Kerb weight: 204kg

Read our review of the 2010 BMW S1000RR.
6. 2011 Kawasaki ZX-10R

Kawasaki were the quickest of the Japanese manufacturers to really take the fight to the S1000RR. The 2011 incarnation of the ZX-10R – the last before the current one – had traction control and power modes, and also made a claimed 200hp.

A new frame made it a compact, ultra-sharp track weapon, and there are plenty of good examples on eBay right now for around £7.5K.

Engine: 998cc in-line-four

Power: 200hp

Torque: 84.3lbft

Kerb weight: 198kg

Read our review of the 2011 Kawasaki ZX-10R.
5. 2012 Ducati 1199 Panigale

The first Panigale represented a giant leap forward compared to its predecessor, the 1198, with cutting-edge technology including traction control, a quick-shifter and engine braking control.

The new engine is smoother in the bottom-end and so-quick revving it could fool you into thinking it’s a V4, while the handling is closer to supersport 600.

Italian exotica holds its value but that’s half the reason to buy in. A decent 2012 1119 Panigale will cost you around £12K, maybe £11K if you’re lucky.   

Engine: 1199cc V-twin

Power: 195hp

Torque: 97.4lbft

Wet weight: 188kg

Read our review of the Ducati 1199 Panigale.
4. 2009 Aprilia RSV4-R

Who knew Aprilia could pull-off a four-stroke masterpiece and build a world-beating V-four superbike, the RSV4 Factory.

The RSV4-R might have lost some of the bling of the homologation special but it was still unmistakably a V4 racer for the road, and £2,500 cheaper.

New, that made it not so much more expensive than a Japanese litre sports bike, at £12,449. Now, you can have some V4 racer in your life for around £8K.

Engine: 999cc V-four

Power: 177hp

Torque: 85lbft

Kerb weight: 184kg

Read our review of the 2009 Aprilia RSV4-R.
3. 2005 Suzuki GSX-R1000 (K5)

This is the GSX-R1000 that everyone bangs on about and with good reason. A redesigned engine delivered one more cubic inch and loads more mid-range.

Coupled with a more compact, lighter chassis, it put Suzuki back at the top of the class, and took that year’s World Superbike championship, a first for an in-line-four litre bike.

Now you can easily bag a very nice K5 for £5K (easy to remember). We’re not sure there are many ways to get more performance for your money.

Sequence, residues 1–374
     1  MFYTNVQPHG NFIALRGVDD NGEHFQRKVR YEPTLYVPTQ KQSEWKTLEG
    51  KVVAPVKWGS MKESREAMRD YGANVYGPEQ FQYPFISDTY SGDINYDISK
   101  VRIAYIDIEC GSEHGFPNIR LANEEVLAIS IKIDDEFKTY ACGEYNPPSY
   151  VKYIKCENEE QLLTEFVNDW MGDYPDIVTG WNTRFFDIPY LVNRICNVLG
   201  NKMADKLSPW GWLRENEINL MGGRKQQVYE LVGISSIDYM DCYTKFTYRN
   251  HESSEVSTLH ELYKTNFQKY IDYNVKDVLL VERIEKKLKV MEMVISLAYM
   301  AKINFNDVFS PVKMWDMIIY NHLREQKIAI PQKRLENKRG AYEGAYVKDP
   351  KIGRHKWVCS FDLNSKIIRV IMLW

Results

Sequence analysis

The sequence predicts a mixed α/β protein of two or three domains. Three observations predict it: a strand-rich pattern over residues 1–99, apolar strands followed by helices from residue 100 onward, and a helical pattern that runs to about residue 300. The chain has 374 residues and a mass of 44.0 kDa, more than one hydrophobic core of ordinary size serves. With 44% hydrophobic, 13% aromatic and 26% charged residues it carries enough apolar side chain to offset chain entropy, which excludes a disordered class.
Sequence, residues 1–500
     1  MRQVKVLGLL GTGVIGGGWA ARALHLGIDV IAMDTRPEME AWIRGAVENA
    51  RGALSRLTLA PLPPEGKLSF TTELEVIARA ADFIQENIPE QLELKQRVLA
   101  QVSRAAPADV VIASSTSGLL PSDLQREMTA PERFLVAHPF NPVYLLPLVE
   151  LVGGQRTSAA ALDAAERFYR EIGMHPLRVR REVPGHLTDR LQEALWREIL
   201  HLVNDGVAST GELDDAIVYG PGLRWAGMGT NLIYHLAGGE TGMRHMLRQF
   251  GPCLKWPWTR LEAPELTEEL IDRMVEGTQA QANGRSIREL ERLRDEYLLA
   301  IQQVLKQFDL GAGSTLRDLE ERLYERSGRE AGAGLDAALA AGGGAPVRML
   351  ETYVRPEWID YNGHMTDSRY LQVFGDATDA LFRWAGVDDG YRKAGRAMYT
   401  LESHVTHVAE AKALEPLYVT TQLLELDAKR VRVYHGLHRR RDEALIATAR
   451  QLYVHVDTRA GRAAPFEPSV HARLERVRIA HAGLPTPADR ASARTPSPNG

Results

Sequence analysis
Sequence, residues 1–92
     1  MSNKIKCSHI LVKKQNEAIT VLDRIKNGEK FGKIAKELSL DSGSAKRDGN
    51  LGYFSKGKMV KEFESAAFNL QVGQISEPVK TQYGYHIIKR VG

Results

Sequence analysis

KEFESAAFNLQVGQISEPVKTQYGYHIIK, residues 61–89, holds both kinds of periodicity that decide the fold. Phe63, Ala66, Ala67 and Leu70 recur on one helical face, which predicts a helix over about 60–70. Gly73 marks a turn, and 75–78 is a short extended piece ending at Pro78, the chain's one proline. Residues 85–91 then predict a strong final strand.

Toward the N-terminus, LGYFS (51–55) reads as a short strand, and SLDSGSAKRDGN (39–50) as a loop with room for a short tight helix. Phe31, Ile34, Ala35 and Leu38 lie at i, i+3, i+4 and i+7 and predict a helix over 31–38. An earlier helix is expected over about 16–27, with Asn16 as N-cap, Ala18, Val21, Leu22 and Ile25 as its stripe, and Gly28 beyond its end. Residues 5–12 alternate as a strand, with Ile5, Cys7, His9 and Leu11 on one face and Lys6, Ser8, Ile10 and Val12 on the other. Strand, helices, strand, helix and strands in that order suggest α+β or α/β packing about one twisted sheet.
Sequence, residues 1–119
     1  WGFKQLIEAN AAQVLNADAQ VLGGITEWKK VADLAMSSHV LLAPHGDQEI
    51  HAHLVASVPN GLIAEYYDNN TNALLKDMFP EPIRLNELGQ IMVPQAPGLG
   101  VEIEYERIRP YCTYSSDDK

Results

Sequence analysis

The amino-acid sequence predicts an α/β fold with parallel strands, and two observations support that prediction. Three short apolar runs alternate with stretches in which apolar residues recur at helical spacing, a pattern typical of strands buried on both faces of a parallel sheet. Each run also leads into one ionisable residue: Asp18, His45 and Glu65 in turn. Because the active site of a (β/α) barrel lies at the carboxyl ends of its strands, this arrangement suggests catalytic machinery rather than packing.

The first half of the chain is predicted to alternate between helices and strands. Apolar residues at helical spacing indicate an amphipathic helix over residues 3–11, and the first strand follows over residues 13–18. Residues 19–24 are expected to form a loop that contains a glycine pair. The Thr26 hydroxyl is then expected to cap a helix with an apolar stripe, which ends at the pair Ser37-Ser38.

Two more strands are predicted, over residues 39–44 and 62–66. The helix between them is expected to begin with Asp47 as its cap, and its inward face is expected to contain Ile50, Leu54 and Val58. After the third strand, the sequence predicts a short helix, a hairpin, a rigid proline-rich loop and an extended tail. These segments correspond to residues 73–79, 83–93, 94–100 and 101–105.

Engine: 998cc in-line-four

Power: 178hp

Torque: 89lbft

Dry weight: 166kg

Read our review of the 2005 Suzuki GSX-R1000
2. 2008 Honda Fireblade

The new looks divided opinion but the performance didn’t, thanks to a lighter, smaller chassis and super linear power from 2,000rpm to the new, higher red line of 13,000rpm.

It didn’t quite have the wild rush of power of the ZX-10R, nor the technology of some of its rivals, but the ’08 Blade made it easier for mortals to ride fast.

Now there are plenty advertised at about £5K, an absolute bargain.

Engine: 998cc in-line-four

Power: 175hp

Torque: 86lbft

Wet weight: 205kg

Read our review of the 2008 Honda Fireblade.
1. 2009 Yamaha R1

The 2009 R1 was probably the most significant evolution of the model since its birth in 1998, thanks to its MotoGP derived cross-plane crank engine.

The cross-plane crankshaft creates an uneven firing order, which results in a smoother torque delivery so you can get on the power earlier with less chance of traction loss. It sounds great too.

It was to be a short-lived reign, since BMW’s technology-packed S1000RR was just around the corner, but the R1 was back at the top of the litre sports bike pile.

Now you can pick up a 2009 cross-plane crank R1 for not much over £6K.

Engine: 998cc in-line-four

Power: 182hp

Torque: 85lbft

Wet weight: 206kg

Read our review of the 2009 Yamaha YZF-R1.